Reaction to the news that the Ringling Bros. Circus was coming to end after 146 years has been mixed. Some called it a win for animal rights group and others have not.
Ringmaster Jonathan Lee Iverson is now speaking out with a side of the story that you haven’t heard.
He recalls the moment employees learned “The Greatest Show on Earth” was coming to an end.
“It was quiet a shock,” said Iverson.
Then came the headlines that called the demise of the circus a win for animal rights groups.
“People are applauding the destruction of a society,” said Iverson. “We’re a society. We’re a community. We have a school and a nursery for our children.”
As a matter of fact, it was here that Iverson met his wife and started a family. His wife now works behind the scenes.
“We’re a community,” said Iverson. “We don’t give lip service to diversity. We are diversity. We had a black ringmaster long before this country thought to have a black president.”
So what happened? The official suggestion is that it just became too costly to take the massive high-tech show on the road, but Iverson says there is more.
“We became more defensive and reactive rather than proactive in pushing who we are,” Iverson said.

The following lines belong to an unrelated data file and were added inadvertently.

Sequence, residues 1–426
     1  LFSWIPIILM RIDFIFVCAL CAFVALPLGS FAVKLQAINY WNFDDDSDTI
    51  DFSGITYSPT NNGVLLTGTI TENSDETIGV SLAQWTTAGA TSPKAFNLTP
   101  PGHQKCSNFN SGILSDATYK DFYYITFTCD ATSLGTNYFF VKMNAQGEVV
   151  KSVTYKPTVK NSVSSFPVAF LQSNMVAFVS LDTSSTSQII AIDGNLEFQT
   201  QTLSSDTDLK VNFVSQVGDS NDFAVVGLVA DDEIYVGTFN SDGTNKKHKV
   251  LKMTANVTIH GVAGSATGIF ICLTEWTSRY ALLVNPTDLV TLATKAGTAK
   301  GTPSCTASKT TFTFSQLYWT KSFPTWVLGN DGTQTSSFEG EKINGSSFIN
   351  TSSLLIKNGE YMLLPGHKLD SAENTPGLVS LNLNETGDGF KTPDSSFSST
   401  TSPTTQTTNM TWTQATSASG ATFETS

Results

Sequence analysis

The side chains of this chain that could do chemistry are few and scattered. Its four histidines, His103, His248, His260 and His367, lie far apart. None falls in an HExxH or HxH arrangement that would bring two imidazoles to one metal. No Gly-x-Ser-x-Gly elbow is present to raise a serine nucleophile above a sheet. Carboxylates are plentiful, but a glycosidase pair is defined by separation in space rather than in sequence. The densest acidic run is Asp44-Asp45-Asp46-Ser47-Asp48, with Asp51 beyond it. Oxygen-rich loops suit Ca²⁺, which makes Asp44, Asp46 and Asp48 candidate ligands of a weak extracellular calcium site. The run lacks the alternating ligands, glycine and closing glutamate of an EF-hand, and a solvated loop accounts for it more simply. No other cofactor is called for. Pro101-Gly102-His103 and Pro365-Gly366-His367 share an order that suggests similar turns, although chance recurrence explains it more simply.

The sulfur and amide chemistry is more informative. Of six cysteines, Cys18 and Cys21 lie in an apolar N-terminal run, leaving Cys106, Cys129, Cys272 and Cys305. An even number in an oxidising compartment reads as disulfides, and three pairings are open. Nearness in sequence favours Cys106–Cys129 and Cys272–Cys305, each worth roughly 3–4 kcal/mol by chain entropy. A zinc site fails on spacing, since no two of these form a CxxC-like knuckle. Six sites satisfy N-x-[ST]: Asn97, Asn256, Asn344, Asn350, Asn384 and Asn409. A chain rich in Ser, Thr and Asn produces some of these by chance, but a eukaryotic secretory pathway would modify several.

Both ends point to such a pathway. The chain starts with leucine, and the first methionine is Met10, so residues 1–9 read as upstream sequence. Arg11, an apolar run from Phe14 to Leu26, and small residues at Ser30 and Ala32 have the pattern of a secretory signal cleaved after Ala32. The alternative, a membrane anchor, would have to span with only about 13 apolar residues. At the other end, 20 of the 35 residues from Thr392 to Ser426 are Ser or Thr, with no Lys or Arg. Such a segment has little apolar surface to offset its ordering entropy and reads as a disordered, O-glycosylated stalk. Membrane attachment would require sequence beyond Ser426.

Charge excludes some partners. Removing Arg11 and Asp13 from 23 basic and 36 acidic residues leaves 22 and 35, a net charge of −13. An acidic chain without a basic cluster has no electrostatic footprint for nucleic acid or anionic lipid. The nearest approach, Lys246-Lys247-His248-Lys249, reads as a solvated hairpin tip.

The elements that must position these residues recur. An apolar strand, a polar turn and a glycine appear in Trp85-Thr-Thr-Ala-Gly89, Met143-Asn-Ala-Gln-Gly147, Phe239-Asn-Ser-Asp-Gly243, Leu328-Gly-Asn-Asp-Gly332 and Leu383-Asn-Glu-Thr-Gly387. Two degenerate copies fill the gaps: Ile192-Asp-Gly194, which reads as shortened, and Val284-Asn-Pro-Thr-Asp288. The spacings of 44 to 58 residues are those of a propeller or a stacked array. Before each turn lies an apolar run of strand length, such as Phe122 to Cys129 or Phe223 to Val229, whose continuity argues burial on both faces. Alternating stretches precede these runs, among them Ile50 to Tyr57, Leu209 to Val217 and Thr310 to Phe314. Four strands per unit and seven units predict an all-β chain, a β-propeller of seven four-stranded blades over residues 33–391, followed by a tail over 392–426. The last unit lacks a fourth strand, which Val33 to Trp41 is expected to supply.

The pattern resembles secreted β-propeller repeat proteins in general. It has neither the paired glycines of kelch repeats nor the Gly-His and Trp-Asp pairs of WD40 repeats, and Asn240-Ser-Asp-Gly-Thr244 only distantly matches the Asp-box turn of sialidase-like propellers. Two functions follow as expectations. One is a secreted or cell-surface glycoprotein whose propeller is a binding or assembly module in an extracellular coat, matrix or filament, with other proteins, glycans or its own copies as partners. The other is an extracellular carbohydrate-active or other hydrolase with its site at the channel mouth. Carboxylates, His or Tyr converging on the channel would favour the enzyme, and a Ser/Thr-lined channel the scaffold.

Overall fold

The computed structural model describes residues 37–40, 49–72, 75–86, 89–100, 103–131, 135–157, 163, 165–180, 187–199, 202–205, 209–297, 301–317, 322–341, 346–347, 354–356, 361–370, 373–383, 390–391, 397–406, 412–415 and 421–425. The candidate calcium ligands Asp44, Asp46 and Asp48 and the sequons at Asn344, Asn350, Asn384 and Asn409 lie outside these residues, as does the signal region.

He insists the circus loves the animals and that trainers are highly skilled with years of experience.
“It’s not something you jump into,” said Iverson. “So the notion that the very animals that put food on your table that make your living possible that you would do anything to harm them…not only does your common sense tell you this is stupid. It has also been proven over and over and over again.”
Iverson launched a Facebook page called Humans of the Greatest Show on Earth. It highlights the many lives impacted by the decision.
“Hundreds of people will be out of work,” said Iverson. “Hundreds of people with specialized skills. It’s not easy to find jobs doing what they do.”
It is certainly the end of an era. Iverson states that he and his colleagues plan to make the most of their remaining time together and they hope consumers will join them.
“Our universal pursuit is your joy,” said Iverson. “That’s what we do. We are joy peddlers. We take pride in the fact that your life is a little bit better when we come to town.”
The final show is in Uniondale, New York on May 21.